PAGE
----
Loss of Safety

Indigenous-led alert system, ‘Made for us, by one of us’

A sign showing how to download and register fo the Unama’ki Emergency Alert System
Pippa Norman

In mid-August, Jennifer Jesty was awoken at 5 a.m. by a call from the RCMP detachment in Eskasoni, a Mi’kmaq community on the shores of the rich saltwater Bras d’Or Lake in Nova Scotia.

Groggily, she answered.

The officer asked her to do something she’d been waiting years to hear: send out an alert about an ongoing incident using the Unama’ki Emergency Alert System.

This was a first for Jesty, emergency resilience manager for the Union of Nova Scotia Mi’kmaq, member of the Eskasoni First Nation and creator of the alert system.

Since launching on Sept. 1, 2020, approximately 64 per cent of the population of the five Mi’kmaq communities it serves have subscribed to the emergency alert system.

A total of 167 alerts have been sent out, informing communities of incidents such as missing persons, increased police presence, incoming hurricanes and dangerous individuals.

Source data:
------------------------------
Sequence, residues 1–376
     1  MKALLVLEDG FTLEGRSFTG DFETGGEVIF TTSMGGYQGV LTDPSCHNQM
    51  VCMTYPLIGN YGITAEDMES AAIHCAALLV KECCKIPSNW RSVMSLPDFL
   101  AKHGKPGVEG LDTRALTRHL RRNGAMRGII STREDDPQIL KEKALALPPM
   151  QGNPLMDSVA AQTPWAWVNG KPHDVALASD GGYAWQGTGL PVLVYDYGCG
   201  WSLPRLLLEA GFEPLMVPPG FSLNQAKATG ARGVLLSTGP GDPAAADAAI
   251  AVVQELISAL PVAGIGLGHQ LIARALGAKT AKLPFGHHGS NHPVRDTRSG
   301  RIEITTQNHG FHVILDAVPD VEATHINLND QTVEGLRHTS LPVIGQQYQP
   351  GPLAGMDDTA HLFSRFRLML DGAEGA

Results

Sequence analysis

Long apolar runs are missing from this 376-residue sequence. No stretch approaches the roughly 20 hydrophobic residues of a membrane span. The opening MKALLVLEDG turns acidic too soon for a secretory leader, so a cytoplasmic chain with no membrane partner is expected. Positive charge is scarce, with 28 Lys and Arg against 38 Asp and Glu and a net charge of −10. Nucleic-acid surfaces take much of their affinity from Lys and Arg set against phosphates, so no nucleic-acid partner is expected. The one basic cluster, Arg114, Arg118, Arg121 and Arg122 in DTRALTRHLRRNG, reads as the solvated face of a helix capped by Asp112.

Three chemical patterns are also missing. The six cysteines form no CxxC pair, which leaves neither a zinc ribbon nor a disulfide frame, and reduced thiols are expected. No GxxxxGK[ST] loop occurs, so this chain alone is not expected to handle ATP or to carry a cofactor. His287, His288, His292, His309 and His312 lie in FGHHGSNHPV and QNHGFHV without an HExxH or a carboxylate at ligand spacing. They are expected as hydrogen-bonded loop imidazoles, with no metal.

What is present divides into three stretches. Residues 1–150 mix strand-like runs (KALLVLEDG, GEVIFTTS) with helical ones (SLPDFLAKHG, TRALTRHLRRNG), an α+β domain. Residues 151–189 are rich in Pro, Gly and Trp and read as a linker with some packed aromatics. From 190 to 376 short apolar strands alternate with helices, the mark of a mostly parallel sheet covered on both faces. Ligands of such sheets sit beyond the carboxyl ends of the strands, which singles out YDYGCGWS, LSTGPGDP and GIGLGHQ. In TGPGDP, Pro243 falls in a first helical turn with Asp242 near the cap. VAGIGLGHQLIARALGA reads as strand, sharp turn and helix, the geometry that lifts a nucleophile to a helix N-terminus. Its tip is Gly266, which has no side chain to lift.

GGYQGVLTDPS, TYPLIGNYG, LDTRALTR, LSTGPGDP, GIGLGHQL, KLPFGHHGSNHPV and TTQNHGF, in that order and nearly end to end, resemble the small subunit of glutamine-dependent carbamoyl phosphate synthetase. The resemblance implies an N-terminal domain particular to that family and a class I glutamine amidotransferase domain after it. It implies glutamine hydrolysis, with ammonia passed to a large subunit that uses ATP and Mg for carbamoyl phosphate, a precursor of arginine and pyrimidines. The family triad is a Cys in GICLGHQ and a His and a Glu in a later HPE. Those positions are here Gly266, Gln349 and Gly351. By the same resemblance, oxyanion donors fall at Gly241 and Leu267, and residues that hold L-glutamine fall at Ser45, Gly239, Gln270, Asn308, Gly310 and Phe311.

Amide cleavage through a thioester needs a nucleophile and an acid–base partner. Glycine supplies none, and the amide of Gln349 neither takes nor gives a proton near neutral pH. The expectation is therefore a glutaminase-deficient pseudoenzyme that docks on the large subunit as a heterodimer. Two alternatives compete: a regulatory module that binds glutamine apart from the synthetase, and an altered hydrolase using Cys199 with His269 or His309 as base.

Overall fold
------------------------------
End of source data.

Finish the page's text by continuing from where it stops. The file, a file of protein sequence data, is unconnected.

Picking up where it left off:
Unama’ki Emergency Alert System’s subscriber-based model is just one of the many ways it differs from Canada’s National Public Alerting System, otherwise known as Alert Ready.

Read more about the Climate Disaster Project and Canada’s National Observer’s findings.

Related Stories

Burned remnants of houses. Rusted metal and a charcoal tree.
Loss of Homes

Record-breaking climate disasters reveal cracks in Canada’s alert system

Pippa Norman

Profile of racine jeff in front of trees.
2017 British Columbia Wildfires

‘We know that no matter what we have each other’

Racine Jeff, Williams Lake, Canada

A photo of Alison Arends wearing a plaid coat and glasses in front of a barn of cows and looking off into the distance.
2021 Southern British Columbia Floods

“It was the most important thing I’ve ever done in my lifetime.”

Alison Arends, Sumas Prairie, Canada

Scroll To Top